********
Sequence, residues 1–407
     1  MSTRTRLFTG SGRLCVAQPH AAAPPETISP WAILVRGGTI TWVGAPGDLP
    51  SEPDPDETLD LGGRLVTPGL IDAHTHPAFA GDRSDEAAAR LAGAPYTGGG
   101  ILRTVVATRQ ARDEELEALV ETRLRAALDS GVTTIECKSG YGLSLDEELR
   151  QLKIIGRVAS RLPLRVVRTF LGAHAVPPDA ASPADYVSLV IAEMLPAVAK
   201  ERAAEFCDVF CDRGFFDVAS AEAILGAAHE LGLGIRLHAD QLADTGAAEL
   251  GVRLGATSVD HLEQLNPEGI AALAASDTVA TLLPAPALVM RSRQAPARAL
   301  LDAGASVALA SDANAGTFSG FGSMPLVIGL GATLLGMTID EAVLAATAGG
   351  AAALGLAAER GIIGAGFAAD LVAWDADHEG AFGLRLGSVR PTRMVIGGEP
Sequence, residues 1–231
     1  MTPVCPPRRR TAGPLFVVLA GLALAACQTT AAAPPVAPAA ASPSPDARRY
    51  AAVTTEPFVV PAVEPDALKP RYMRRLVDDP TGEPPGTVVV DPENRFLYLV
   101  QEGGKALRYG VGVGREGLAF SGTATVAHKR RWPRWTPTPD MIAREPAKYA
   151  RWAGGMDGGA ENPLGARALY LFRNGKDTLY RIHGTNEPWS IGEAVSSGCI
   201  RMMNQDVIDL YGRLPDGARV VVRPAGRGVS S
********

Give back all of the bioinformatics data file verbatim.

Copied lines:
Sequence, residues 1–407
     1  MSTRTRLFTG SGRLCVAQPH AAAPPETISP WAILVRGGTI TWVGAPGDLP
    51  SEPDPDETLD LGGRLVTPGL IDAHTHPAFA GDRSDEAAAR LAGAPYTGGG
   101  ILRTVVATRQ ARDEELEALV ETRLRAALDS GVTTIECKSG YGLSLDEELR
   151  QLKIIGRVAS RLPLRVVRTF LGAHAVPPDA ASPADYVSLV IAEMLPAVAK
   201  ERAAEFCDVF CDRGFFDVAS AEAILGAAHE LGLGIRLHAD QLADTGAAEL
   251  GVRLGATSVD HLEQLNPEGI AALAASDTVA TLLPAPALVM RSRQAPARAL
   301  LDAGASVALA SDANAGTFSG FGSMPLVIGL GATLLGMTID EAVLAATAGG
   351  AAALGLAAER GIIGAGFAAD LVAWDADHEG AFGLRLGSVR PTRMVIGGEP
Sequence, residues 1–231
     1  MTPVCPPRRR TAGPLFVVLA GLALAACQTT AAAPPVAPAA ASPSPDARRY
    51  AAVTTEPFVV PAVEPDALKP RYMRRLVDDP TGEPPGTVVV DPENRFLYLV
   101  QEGGKALRYG VGVGREGLAF SGTATVAHKR RWPRWTPTPD MIAREPAKYA
   151  RWAGGMDGGA ENPLGARALY LFRNGKDTLY RIHGTNEPWS IGEAVSSGCI
   201  RMMNQDVIDL YGRLPDGARV VVRPAGRGVS S